Anonymous Life of AeschylusAnonymous Life of Aeschylus, Translation by S. Burges Watson, Living Poets, (Durham, 2014), livingpoets.dur.ac.uk generously made available under open license. This text has 19 tagged references to 11 ancient places.
CTS URN: urn:cts:greekLit:tlg4141.tlg001; Wikidata ID: Q87763334; Trismegistos: authorwork/11178
§ 1 Aeschylus the tragedian was Athenian by birth, from the deme of Eleusis. He was the son of Euphorion, brother of Cynegirus and one of the Eupatrids.
§ 2 He began writing tragedies as a young man and greatly surpassed his predecessors with his poetry, the arrangement of the stage, the splendour of his choral productions, his actors' costumes, and the solemnity of the chorus, as Aristophanes, too, says (Frogs 1004-5): "But you, who first among the Greeks created towers of solemn words and beautified tragic nonsense."
§ 3 He was a contemporary of Pindar and was born in the †40th† Olympiad.
§ 4 They say that he was noble and that he participated in the battle of Marathon together with his brother, Cynegirus, and in the naval battle at Salamis with the youngest of his brothers, Ameinias, and in the infantry battle at Plataea.
§ 5 In the composition of poetry, he strove for a consistently grand style by using coinages and epithets. He employed, in addition, metaphors and all other devices capable of conferring weight on diction. The plots of his dramas do not have many reversals and contortions, as is the case with more recent poets. He strove only to give his characters gravity, for he judged magnificence and the heroic to be archaic, and considered sententious and ingenious knavishness to be alien to tragedy. Hence, he is parodied by Aristophanes because of the excessive gravity of his characters.
§ 6 For, in the Niobe, the heroine, who is veiled, sits on the tomb of her children saying nothing for three scenes. And in the Ransoming of Hector, Achilles, similarly covered up, again says nothing, except in the beginning, when he says a few verses to Hermes in dialogue.
§ 7 As a result, a great number of passages could be found in his plays that are distinguished for their artistic treatment, but gnomic statements, or scenes of pathos, or any of the other devices which can bring people to tears are completely absent. For he uses visual effects and plots for the sake of portentous shock rather than for the sake of beguiling the audience.
§ 8 He left Athens for the court of Hieron, as some say because he was vexed with the Athenians because of his defeat by Sophocles, then a young man; according to others, it was because he had been defeated by Simonides in an elegy for those who died at Marathon. For elegy requires much subtlety as regards the treatment of emotions, which as we said, is alien to Aeschylus.
§ 9 But some say that at the performance of the Eumenides, when he led on the chorus one by one, he frightened the people so much that some children lost consciousness and unborn babies were aborted. Going to Sicily, therefore, at the time when Hieron was founding Etna, he put on the Women of Etna, divining a good life for those who settled the city.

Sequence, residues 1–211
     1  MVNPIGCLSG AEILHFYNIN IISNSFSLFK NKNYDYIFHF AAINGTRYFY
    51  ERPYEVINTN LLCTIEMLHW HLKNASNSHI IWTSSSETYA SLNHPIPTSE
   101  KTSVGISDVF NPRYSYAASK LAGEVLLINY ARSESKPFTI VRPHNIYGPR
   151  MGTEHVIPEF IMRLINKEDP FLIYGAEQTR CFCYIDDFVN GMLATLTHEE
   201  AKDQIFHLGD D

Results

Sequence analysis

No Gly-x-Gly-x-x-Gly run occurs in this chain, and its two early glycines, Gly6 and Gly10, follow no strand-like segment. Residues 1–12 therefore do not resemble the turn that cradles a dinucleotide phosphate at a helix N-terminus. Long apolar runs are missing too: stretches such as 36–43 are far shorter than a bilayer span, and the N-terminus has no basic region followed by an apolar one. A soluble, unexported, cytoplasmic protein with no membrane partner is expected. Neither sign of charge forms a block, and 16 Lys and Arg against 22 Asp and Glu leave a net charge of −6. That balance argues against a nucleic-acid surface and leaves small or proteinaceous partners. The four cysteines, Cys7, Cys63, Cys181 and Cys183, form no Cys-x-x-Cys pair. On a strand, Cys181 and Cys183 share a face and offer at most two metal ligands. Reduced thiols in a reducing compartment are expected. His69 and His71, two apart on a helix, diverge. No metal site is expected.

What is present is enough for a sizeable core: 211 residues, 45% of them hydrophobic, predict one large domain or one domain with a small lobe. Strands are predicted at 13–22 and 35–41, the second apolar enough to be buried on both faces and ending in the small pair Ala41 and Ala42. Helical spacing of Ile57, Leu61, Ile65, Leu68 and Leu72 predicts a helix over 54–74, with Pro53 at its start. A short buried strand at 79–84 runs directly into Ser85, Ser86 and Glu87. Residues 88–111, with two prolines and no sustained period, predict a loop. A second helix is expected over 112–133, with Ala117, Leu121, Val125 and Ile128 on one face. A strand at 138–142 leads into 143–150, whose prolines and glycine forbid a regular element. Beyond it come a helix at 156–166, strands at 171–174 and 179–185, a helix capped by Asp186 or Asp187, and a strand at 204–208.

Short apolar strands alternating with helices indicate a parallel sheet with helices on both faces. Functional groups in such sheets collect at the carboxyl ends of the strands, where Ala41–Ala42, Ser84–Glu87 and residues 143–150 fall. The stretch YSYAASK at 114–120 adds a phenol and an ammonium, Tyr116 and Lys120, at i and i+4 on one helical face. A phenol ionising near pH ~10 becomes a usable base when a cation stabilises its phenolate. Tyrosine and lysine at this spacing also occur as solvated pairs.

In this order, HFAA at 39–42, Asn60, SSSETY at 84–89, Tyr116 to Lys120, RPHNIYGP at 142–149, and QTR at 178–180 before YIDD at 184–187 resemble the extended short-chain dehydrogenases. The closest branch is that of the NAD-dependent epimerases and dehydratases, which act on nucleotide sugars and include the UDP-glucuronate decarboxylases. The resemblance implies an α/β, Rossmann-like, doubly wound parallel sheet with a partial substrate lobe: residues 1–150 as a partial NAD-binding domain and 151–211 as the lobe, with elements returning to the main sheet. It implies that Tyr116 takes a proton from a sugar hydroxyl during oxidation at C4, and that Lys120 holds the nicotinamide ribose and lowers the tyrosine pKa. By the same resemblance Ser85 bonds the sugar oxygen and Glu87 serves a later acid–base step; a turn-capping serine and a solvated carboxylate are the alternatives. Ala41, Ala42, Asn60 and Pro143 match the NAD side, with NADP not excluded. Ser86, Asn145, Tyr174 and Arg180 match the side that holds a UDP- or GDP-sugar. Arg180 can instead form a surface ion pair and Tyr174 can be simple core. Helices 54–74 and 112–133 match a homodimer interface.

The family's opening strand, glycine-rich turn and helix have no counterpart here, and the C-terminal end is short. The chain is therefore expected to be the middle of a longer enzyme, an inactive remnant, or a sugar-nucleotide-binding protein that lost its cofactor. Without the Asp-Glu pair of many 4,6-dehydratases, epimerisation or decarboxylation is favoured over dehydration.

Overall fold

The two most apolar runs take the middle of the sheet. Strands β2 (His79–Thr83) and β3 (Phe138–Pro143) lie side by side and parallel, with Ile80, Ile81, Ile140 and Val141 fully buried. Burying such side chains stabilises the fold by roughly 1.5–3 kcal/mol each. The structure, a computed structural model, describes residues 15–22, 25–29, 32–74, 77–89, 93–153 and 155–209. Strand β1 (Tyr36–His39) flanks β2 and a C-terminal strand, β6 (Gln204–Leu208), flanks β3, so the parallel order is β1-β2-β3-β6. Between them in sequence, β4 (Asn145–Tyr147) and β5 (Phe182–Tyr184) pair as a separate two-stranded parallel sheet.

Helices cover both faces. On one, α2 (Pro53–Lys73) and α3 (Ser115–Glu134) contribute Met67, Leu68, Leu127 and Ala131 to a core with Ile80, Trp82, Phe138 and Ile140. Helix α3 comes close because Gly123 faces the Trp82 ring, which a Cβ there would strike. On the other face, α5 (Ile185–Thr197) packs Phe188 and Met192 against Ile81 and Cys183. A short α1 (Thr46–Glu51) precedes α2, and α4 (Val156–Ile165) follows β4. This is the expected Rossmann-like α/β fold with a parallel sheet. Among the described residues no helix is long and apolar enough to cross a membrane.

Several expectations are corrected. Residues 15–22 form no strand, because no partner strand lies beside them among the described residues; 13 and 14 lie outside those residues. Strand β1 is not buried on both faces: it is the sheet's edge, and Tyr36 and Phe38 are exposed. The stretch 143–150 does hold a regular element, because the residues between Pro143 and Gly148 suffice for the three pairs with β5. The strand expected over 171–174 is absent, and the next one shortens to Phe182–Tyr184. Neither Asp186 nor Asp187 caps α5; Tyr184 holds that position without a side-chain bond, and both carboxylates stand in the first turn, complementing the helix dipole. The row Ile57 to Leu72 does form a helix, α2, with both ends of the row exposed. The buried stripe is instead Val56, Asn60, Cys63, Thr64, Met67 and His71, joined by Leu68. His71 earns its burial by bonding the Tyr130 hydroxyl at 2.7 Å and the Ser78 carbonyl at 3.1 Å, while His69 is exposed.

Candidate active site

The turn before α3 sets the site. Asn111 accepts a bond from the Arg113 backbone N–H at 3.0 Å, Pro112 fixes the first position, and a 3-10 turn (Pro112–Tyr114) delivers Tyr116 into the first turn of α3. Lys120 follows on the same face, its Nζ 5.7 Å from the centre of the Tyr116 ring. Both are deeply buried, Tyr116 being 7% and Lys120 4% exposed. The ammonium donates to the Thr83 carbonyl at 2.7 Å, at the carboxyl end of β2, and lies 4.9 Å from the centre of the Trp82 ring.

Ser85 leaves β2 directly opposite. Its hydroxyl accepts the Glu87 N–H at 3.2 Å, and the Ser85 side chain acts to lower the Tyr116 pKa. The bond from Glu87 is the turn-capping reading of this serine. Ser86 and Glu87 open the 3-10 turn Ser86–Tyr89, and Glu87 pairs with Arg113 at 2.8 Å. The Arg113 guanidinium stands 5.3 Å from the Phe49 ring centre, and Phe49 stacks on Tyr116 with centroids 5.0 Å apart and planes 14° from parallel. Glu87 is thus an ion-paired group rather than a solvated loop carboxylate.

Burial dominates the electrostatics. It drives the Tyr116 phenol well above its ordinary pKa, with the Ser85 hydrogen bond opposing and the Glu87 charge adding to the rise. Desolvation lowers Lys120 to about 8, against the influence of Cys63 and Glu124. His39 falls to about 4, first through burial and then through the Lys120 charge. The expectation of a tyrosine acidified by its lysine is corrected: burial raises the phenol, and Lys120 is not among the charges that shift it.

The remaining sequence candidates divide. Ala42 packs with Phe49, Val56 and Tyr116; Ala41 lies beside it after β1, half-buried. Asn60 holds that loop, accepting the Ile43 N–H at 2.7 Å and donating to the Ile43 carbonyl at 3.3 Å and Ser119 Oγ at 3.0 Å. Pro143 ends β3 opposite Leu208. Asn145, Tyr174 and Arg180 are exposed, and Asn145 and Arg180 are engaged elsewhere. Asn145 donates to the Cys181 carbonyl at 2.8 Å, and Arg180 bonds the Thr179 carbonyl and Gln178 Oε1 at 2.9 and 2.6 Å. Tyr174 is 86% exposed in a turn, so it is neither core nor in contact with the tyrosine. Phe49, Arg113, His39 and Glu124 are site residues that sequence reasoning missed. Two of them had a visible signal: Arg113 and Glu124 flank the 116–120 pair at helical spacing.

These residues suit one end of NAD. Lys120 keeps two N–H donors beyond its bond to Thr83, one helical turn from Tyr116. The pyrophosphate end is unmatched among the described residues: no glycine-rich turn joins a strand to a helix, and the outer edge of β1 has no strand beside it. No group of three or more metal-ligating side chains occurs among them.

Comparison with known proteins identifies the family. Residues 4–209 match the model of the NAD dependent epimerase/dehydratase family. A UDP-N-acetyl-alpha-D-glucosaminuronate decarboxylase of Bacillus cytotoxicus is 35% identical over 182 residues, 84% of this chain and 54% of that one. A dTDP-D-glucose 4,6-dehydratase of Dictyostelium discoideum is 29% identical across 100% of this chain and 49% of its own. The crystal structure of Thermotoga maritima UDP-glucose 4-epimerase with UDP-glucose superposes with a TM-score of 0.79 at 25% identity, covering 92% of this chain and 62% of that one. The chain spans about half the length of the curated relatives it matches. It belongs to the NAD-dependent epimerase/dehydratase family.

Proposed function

§ 10 Having been greatly honored by the tyrant Hieron and the citizens of Gela, he lived a further two years and died an old man in the following way: an eagle had seized a tortoise, but was not strong enough to break open its prey, so dropped it on the rocks to crush its shell. But the tortoise fell on the poet's head and killed him. In fact, it had been prophesied to him: 'a heavenly missile will kill you.'
§ 11 After his death, the citizens of Gela gave him a public burial and honoured him magnificently by writing the following epitaph:
This memorial holds Aeschylus the Athenian, son of Euphorion, who died in grain-bearing Gela.
The grove of Marathon could speak of his famous courage and the Mede with thick long hair who knows of it.
And whoever was professionally involved in tragedy, when they visited his memorial, would offer sacrifices and declaim his dramas.
§ 12 But the Athenians loved Aeschylus so much that they voted after his death that anyone who wished to put on the plays of Aeschylus would receive a chorus. 13 He lived for sixty three years, during which he put on seventy dramas and additionally around †five† satyr plays. In total, he was victorious thirteen times. He also won quite a few victories after his death.
§ 14 Aeschylus was the first to augment tragedy with the noblest sufferings and he decorated the stage-building and astounded the spectators' gaze with splendour, paintings and machines, altars and tombs, trumpets, ghosts and Erinyes, and he gave the actors long sleeves, increasing their size with long robes and raising them up on bigger boots.
§ 15 He used Cleandrus as his first actor, then he added a second actor, Mynniscus the Chalcidean. The third actor he himself introduced, although Dicaearchus of Messene says that it was Sophocles.
§ 16 With regard to the simplicity of his dramatic composition, if one were to judge him in relation to the playwrights who succeeded him, one would find him unsophisticated and lacking elaboration, but if one were to judge him in relation to those who preceded him, one would marvel at the poet's ingenuity and inventiveness. Anyone who thinks that Sophocles was the more perfect tragic poet, is right to do so, but should consider that it was far more difficult for a playwright who succeeded Thespis, Phrynichus and Choerilus to bring tragedy to such greatness than for a successor of Aeschylus to reach even the perfection of Sophocles.
§ 17 On his tomb has been inscribed:
I died, struck on the forehead by a missile from an eagle's claws.
§ 18 They say that being esteemed by Hieron, he re-produced the Persians in Sicily to great acclaim.